Stocks posted three consecutive days of losses Thursday, as comments from Federal Reserve Chair Jerome Powell did little to soothe investor concerns about a recent rise in bond yields.
The Dow Jones Industrial Average fell 345.95 points, or 1.1%, to close at 30,924.14. The S&P 500 slid 1.3% to 3,768.47, giving up an early gain after two straight days of declines.
The rise in yields renewed pressure on high-flying technology stocks, which are most vulnerable as Wall Street rethinks the value of stocks after having soared during the pandemic, making them look pricier than the rest of the market.
The Nasdaq Composite shed 2.1% to 12,723.47, wiping out its gains for the year. The tech-heavy index is off 9.7% from its Feb. 12 record, putting it within striking distance of a correction, or a drop of at least 10% from its recent peak.
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The losses came as the yield on the 10-year Treasury rose sharply during a question-and-answer session with Powell during which he said inflation will likely pick up in the coming months but the increase will be temporary, and won’t be enough for the Fed to alter its low-interest rate policies.
The remarks, signaling a wait-and-see stance on rates, failed to ease investors’ concerns that stronger growth will lead to higher inflation.
Powell acknowledged a recent rise in rates. But he gave no hint that the Fed would take steps to keep longer-term interest rates in check, such as by shifting some of its $80 billion in monthly Treasury purchases to longer-term securities.
Expectations were growing that the Fed might implement “Operation Twist," something the central bank has done in the past where it sells short-term bills and buys longer-duration bonds to flatten the yield curve and help stimulate the economy.
The yield on the 10-year Treasury note jumped to 1.54% during Powell’s remarks, from 1.47% just before, a significant move.
Treasury yields went as high as 1.50% last week as investors braced for stronger economic growth but also a possible increase in inflation. At the beginning of the year the yield was trading at 0.93%.
As the economy reopens this spring and summer, and vaccines are distributed and the coronavirus retreats, many economists expect a spending boom that will stretch available supplies of goods and services. That will likely push up prices, Powell said.
"Powell is unmoved by a Treasury market sell-off so long as it is not 'disorderly' and does not threaten broader financial market conditions," economists at Mizuho Securities USA, said in a note.
Stocks have kept closely tied with fluctuations in bond yields recently. Yields have been rising along with expectations that the economy, and possibly inflation, could be set to pick up as vaccinations increase and coronavirus restrictions on businesses, travel and schooling begin to lift more.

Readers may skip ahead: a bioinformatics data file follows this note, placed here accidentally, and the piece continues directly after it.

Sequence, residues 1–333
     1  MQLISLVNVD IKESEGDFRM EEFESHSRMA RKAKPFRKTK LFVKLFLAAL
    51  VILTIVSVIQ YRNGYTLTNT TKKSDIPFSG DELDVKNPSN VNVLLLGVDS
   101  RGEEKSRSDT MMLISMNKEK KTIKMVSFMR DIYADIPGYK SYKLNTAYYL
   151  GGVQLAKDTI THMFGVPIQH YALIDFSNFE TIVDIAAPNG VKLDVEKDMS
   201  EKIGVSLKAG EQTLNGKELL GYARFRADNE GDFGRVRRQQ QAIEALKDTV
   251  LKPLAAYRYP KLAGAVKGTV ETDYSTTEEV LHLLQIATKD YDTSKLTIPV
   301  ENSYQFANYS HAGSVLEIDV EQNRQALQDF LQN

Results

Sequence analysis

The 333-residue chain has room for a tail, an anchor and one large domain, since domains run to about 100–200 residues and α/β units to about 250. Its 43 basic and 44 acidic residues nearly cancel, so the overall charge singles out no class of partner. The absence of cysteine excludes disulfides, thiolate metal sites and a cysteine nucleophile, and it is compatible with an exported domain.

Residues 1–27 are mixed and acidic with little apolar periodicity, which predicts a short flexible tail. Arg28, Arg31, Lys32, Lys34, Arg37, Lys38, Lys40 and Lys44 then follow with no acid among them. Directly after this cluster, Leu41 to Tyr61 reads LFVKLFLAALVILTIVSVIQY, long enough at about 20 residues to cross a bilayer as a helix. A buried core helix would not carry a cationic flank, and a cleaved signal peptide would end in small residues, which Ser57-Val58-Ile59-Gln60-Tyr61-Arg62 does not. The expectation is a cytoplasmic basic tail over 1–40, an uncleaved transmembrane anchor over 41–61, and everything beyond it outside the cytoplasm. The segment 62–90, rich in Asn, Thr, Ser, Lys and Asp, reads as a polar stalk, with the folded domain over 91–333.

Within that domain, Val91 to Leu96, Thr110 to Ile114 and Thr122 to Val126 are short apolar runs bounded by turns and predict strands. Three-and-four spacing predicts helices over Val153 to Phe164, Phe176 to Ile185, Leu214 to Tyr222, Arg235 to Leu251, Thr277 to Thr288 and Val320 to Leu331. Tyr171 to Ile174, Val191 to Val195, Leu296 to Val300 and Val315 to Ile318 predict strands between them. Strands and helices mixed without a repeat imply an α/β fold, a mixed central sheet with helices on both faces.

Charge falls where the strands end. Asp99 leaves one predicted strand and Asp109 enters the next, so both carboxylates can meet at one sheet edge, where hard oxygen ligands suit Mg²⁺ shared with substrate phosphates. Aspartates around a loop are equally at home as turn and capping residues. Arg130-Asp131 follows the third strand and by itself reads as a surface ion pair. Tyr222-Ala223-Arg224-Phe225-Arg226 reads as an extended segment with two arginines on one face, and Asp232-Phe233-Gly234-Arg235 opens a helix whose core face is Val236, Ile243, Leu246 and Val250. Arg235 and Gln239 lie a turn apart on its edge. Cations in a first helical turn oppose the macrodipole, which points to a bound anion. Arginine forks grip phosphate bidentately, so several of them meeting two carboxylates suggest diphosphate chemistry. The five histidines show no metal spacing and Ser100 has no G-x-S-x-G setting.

To be sure, inflation gains over the past year have remained modest. Even before the pandemic, inflation over the past decade has remained muted. Some experts foresee higher inflation as a positive for investors over the long haul.
"Rising yields could also be a good sign," Lindsey Bell, chief investment strategist at Ally Invest, said in a note. "Yields tend to rise early on in bull markets and economic recoveries because the outlook is improving."
Wall Street continues to look to Washington, where economic data, comments out of the Federal Reserve and President Joe Biden’s stimulus package remain key points of focus.
The Senate is moving forward with Biden’s stimulus bill, with most of the negotiations now happening between the more moderate Democrats in the Senate and the White House.
Investors are looking ahead to the February jobs report on Friday. Economists surveyed by FactSet expect employers created 225,000 jobs last month. The report also includes numbers for how much wages are rising across the economy, a key component of inflation.
The Fed still sees the labor market as far away from full employment, according to Jim Caron, portfolio manager in global fixed income at Morgan Stanley Investment Management. That means the central bank is "nowhere close" to tightening monetary policy, he said in a note.
Low inflation has helped the Fed keep interest rates at record low levels in an effort to help lift the economy out of the recession. The Fed will likely "let the economy run hotter for longer" to extend job creation for lower wage earners, he added.
The price of U.S. crude oil jumped 4.2% after OPEC members agreed to leave most of their existing oil production cuts in place. That helped send energy company stocks broadly higher. Exxon Mobil rose 3.9% and ConocoPhillips rose 3.6%.
Contributing: The Associated Press
This article originally appeared on USA TODAY: Dow sheds 346 points as yields climb on Powell's inflation remarks